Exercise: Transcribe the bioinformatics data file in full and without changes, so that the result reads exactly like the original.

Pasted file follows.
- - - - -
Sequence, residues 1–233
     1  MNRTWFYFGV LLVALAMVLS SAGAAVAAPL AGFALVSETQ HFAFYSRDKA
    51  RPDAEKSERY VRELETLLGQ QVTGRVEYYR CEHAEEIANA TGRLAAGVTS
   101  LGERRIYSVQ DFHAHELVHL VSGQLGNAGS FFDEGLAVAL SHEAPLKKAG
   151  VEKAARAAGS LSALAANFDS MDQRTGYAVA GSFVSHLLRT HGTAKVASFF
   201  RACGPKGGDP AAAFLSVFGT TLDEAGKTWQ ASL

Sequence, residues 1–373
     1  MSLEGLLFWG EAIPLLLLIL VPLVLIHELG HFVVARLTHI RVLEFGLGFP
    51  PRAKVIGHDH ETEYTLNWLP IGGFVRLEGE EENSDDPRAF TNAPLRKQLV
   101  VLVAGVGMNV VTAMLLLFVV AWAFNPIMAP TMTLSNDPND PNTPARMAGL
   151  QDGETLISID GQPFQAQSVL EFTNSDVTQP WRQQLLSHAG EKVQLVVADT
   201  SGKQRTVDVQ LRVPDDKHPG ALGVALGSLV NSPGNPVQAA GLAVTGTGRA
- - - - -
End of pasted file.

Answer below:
Sequence, residues 1–233
     1  MNRTWFYFGV LLVALAMVLS SAGAAVAAPL AGFALVSETQ HFAFYSRDKA
    51  RPDAEKSERY VRELETLLGQ QVTGRVEYYR CEHAEEIANA TGRLAAGVTS
   101  LGERRIYSVQ DFHAHELVHL VSGQLGNAGS FFDEGLAVAL SHEAPLKKAG
   151  VEKAARAAGS LSALAANFDS MDQRTGYAVA GSFVSHLLRT HGTAKVASFF
   201  RACGPKGGDP AAAFLSVFGT TLDEAGKTWQ ASL

Sequence, residues 1–373
     1  MSLEGLLFWG EAIPLLLLIL VPLVLIHELG HFVVARLTHI RVLEFGLGFP
    51  PRAKVIGHDH ETEYTLNWLP IGGFVRLEGE EENSDDPRAF TNAPLRKQLV
   101  VLVAGVGMNV VTAMLLLFVV AWAFNPIMAP TMTLSNDPND PNTPARMAGL
   151  QDGETLISID GQPFQAQSVL EFTNSDVTQP WRQQLLSHAG EKVQLVVADT
   201  SGKQRTVDVQ LRVPDDKHPG ALGVALGSLV NSPGNPVQAA GLAVTGTGRA